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Thursday, June 25, 2009

Ind. Decisions - 7th Circuit en banc overturns panel in Hammer

David Paul Hammer v. Ashcroft (SD Ind., Judge Tinder)

Before EASTERBROOK, Chief Judge, and BAUER, POSNER, KANNE, ROVNER, WOOD, EVANS, and SYKES, Circuit Judges. Circuit Judges F laum, Williams, and Tinder did not participate in the consideration or decision of this appeal.

See Judge Rovner's opinion for the Jan. 15th, 2008 3-judge panel here. See also this entry from Jan. 19, 2008.

Judge Rovner, with whom Judge Bauer joins, writes in a dissent that begins [at p. 15]:

The original panel’s opinion was firmly rooted in the Supreme Court’s long-standing rule that a prison regulation infringing on an inmate’s constitutional rights is valid only if “it is reasonably related to legitimate penological interests.” Turner v. Safley, 482 U.S. 78, 89 (1987). When a prisoner challenges a prison policy on constitutional grounds, the government must put forward a “legitimate” government interest to justify the restriction. Id. Suppressing speech because government officials find the content offensive is not a legitimate penological interest. Id. at 90. The original panel concluded that David Paul Hammer presented evidence that created a question of material fact that the district court overlooked: is the jailhouse-celebrity concern articulated by the warden “legitimate,” or is it simply a convenient explanation to justify a policy designed to control the speech content of a particular subset of prisoners? Given the fact dispute, the original panel reached the limited—indeed, even pedestrian— conclusion that a trier of fact must resolve the conflict.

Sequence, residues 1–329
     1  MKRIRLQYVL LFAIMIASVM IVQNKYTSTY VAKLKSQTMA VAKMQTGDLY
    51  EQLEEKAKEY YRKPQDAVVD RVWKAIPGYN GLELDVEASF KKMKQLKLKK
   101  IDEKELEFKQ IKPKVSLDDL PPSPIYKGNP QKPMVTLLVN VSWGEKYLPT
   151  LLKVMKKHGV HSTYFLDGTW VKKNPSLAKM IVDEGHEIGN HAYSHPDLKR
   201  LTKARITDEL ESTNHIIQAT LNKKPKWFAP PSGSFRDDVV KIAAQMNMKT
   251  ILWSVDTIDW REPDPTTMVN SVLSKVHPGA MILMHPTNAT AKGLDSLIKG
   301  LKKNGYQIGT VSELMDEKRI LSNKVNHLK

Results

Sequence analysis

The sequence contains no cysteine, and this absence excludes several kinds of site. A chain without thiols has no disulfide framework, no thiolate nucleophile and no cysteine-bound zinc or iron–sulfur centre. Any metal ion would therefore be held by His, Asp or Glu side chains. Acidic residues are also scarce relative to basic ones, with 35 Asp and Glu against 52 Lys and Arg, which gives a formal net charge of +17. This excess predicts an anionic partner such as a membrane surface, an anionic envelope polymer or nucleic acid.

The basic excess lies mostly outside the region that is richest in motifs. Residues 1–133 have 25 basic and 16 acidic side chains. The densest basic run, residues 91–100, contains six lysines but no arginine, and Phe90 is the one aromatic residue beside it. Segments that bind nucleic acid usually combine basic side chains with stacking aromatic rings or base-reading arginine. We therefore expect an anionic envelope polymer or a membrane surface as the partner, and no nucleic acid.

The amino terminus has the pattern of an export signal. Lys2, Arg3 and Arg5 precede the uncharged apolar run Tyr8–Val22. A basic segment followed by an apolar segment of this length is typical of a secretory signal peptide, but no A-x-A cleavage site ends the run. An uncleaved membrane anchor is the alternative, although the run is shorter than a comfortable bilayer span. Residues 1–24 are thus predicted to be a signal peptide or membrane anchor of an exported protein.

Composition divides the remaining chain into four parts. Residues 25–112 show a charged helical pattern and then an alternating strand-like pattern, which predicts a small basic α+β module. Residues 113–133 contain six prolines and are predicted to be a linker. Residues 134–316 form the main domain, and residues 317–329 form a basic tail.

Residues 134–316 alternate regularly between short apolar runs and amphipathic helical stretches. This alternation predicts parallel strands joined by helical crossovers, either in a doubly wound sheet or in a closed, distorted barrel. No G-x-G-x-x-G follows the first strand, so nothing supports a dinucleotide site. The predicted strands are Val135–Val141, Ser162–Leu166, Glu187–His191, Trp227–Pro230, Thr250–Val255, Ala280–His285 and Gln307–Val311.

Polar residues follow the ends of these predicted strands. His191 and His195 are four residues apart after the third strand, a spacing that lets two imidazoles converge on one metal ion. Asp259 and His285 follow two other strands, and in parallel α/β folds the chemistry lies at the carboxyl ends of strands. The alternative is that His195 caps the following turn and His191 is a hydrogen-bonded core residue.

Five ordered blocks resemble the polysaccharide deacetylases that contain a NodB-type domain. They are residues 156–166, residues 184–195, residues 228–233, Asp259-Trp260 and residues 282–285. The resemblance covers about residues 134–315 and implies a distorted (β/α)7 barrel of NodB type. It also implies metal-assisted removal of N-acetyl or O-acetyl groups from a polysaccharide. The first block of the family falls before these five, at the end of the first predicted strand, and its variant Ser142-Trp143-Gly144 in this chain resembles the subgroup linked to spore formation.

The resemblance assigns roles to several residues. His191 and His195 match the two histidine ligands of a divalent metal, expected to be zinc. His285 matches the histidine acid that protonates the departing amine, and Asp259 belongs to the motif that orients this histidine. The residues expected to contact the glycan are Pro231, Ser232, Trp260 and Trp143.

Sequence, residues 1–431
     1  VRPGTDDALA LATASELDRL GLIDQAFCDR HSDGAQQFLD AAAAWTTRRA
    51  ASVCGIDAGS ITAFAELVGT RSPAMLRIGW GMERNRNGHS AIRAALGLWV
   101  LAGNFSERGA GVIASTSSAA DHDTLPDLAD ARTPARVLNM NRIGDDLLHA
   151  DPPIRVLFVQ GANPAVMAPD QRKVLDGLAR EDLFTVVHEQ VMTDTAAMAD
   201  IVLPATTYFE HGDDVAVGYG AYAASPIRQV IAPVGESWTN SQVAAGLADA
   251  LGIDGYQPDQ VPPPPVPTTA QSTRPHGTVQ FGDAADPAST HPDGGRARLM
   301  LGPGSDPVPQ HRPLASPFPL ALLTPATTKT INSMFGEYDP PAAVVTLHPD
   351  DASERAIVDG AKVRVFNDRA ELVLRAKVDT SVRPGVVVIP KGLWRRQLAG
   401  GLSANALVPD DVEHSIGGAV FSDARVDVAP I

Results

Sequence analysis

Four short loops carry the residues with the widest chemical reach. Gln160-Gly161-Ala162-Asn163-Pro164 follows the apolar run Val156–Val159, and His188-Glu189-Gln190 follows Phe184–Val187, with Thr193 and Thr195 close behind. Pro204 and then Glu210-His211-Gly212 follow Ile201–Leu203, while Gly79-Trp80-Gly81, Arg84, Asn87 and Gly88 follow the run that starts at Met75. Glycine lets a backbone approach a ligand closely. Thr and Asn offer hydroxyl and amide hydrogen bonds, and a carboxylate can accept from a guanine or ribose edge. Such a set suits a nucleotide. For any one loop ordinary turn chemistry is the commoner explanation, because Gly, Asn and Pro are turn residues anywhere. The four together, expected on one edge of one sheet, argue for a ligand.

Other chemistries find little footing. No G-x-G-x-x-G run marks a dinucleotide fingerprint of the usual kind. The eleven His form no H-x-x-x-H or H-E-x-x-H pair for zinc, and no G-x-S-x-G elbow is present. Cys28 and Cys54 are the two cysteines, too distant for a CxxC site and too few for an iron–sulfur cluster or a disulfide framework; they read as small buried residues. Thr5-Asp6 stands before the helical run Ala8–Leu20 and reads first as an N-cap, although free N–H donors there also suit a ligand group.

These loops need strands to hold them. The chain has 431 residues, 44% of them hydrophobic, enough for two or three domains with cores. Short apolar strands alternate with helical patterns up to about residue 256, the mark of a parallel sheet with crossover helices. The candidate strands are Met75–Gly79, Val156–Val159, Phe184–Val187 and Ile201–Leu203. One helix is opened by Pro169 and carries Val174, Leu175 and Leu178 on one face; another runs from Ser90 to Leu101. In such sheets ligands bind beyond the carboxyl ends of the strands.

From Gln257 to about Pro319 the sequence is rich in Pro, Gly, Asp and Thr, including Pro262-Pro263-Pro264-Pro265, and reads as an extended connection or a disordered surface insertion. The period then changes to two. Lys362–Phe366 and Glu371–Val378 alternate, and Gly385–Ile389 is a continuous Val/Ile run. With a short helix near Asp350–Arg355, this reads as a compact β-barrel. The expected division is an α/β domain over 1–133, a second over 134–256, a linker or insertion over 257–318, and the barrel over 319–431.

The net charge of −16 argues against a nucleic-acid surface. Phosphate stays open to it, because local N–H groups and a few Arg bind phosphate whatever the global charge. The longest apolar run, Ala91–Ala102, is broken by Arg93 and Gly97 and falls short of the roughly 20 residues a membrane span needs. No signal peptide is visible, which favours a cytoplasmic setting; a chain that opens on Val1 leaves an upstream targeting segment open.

Today’s en banc opinion is almost entirely unmoored from the original panel’s narrow treatment of the issues presented in this appeal. With scarcely a reference to Turner, today’s opinion holds that a ban on face-toface interviews in the prison system is justified if a judge can “imagine” a legitimate basis for its existence, glosses over facts regarding the application of the relevant policies, and concludes with the astonishing proposition that the government may limit a prisoner’s access to the media based on its distaste for the anticipated content of the prisoner’s speech. The en banc opinion thus authorizes the government to deny the public a chance to hear directly from prisoners who can offer a glimpse of situations that may embarrass the government, such as torture and prisoner abuse, by invoking pretextual justifications for policies that are unrelated to security. For the reasons set forth in the original panel’s opinion, I dissent. I write separately only to memorialize my additional disagreement with the unexpected breadth of the en banc opinion.

Judge Wood's dissent begins [at p. 23]:
Although I agree with much of Judge Rovner’s dissent, I write separately in order to highlight my own concerns with the majority’s opinion. Briefly put, they are as follows: first, the record does not support certain key assumptions made in the majority’s opinion; second, and related to the first point, it was error to grant summary judgment in favor of the defendants without permitting the plaintiff, David Hammer, to develop the record properly; and third, the majority has erred by adopting a rule permitting wholesale censorship in prisons—one that goes much farther than anything the Supreme Court sanctioned in Pell v. Procunier, 417 U.S. 817 (1974), or Saxbe v. Washington Post Co., 417 U.S. 843 (1974).

Posted by Marcia Oddi on June 25, 2009 10:59 AM
Posted to Ind. (7th Cir.) Decisions